By paul | October 29, 2006
In Part I of this story, I mentioned that I recently completed the migration from Media Temple’s Shared-Server (ss) to their new Grid-Server (gs). The process went very smoothly… much more so than I was anticipating. But, as smoothly as it went, you may want to wait a while longer before you do this. I think they still have some bugs in their Grid-Server system.
I completed the process late Friday night. Most of Saturday the site was down. But, it wasn’t from the migration process itself. Apparently, on Saturday, Media Temple discovered a bug in some of their new Grid hardware. Under certain conditions, the hardware is forced into a diagnostic cycle. It’s a built in “feature” that is designed to protect the system. Unfortunately, it was falsely going into that cycle all-day Saturday. Media Temple was working with the hardware vendor to apply firmware updates to correct the problem. Also, I have noticed that my sites seem a little slower than they did under the Shared-Server package. So, I would say unless you really want the new features, you may want to stay where you are for at least a little while longer.
Before I talk about the process, it may be helpful to know what I was hosting on the Shared-Server package:
- This site – onedigitallife.com (WordPress 2.0.4, Mint 1.29)
- Alternate domain for this site (pointer) – 1digitallife.com
- My other blog – AGreenIdea.com (WordPress 2.0.4)
- My girlfriends portfolio site (Static HTML / Flash)
The process for migrating is very straight forward. Simply login to your Media Temple Control Panel (it’s been recently updated), and select “Migrate to the Grid!”. You’ll then be presented with 3 steps. Instead of retyping everything, here’s a screen-shot…
As the first step mentions, it does take about 12 hours for their DNS changes to kick in, so plan ahead if you are going to be doing this. You don’t really need to do anything for step #1, other than click “go”. 12 hours later you’ll be able to move on to step #2.
Step #2 is primarily a billing step. You need to specify which plan you want to migrate / upgrade to. As an existing customer of mt, you can opt for the Grid-Server Lite package. They don’t really give you any information about this until you are actually in the process of doing it, so here’s the breakdown:
The Lite package is only available to current Shared-Server customers. New MT Customers are only able to do the full package. The Lite package is designed to be similar in features to the old Shared-Server package.
Step #3 is just like it sounds. It packs up all you data, databases, email accounts, etc…, moves them over to your new account, and then deletes your old SS account. This step takes 5-25 minutes, depending on the size of your media. I have a lot of media, so mine took the full 25 minutes.
That’s it! The process is remarkably simple. I would say that Media Temple did a good job building this migration tool. My sites stayed up through most of this process. They went down during the last 3-5 minutes, so it wasn’t a big deal at all.
How did it all work out you ask? Well, here’s the breakdown, starting with the least complicated site…
My girlfriend’s portfolio site… no problem at all. Since it was just static HTML, the migration tool moved it and set everything up like it should.
AGreenIdea.com and onedigitallife.com… Almost no problems at all. I was worried about my WordPress sites, as one of the biggest changes in the configuration differences between Shared-Server and Grid-Server is the location of the MySQL databases. You can no longer use ‘LocalHost’ in the WP-config file, you need to actually specify a path to the database. I thought I was going to have to do this manually after the migration, but the migration tool re-wrote my wp-config file for me, changing the path (that’s awesome!). It did the same thing for my Mint installation. I was actually surprised about Mint, because I named my folder something other than “Mint”. But, it found it anyway and changed the path. Currently, Media Temple says they can auto-update these apps: WordPress, Movabletype, Mint, PHPBB, and PHPNuke. The one problem I had after the move was with one of my plugins, Google Sitemap Generator. It didn’t want to function after the move, and was causing errors in the sites. I’ve deactivated it for now, but as a precaution, you may want to turn off all non-essential plugins before doing the migration. And, as always, you may want to do a full backup of your files and databases before doing the migration. Once you finish the migration, you’ll want to do another backup… remember, the migration tool auto-changed some of your wp configuration files.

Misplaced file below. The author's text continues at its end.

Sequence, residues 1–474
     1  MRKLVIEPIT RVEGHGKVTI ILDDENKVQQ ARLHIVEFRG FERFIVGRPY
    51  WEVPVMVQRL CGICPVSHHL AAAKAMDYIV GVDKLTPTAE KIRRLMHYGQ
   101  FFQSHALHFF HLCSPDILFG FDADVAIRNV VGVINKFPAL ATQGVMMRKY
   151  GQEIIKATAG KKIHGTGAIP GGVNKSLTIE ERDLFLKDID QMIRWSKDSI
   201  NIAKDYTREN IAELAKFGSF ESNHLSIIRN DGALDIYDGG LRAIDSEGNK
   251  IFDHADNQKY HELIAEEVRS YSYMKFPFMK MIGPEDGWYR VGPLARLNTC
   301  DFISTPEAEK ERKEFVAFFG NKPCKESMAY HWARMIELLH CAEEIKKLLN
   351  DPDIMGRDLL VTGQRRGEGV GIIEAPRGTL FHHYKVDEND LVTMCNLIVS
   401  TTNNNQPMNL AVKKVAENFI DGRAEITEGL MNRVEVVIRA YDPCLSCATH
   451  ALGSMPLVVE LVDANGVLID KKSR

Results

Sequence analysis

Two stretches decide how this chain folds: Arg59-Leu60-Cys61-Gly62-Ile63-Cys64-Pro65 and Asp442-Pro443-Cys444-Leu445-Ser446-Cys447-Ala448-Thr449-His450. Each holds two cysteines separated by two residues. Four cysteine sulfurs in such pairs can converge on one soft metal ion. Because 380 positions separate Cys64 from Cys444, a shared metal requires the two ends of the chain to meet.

Strangely, my domain pointer, 1digitallife.com, did not function after the move. I wasn’t able to fix this through the control panel, as it said it was working properly. I had to call tech support and have them finish it.
One other thing to note, is I did receive a strange Error message at the end of the migration process:
“You do not have access to this portion of the site.
For your safety, this action has been logged. Numerous deliberate offenses could result in the suspension of you accout or the permanent denial of your IP address to the Media Temple netwrork.”
I never did figure out why I got this error, and MT tech support didn’t know either.
So, as of now, the sites are moved, and things are working reasonably well. Hopefully, MT has flushed out most of the bugs in the new system.
As this post has now ballooned into a long read, I’ll save the other items I wanted to mention for a part III post. It will go over a few more things that may be helpful if you are planning to do the migration.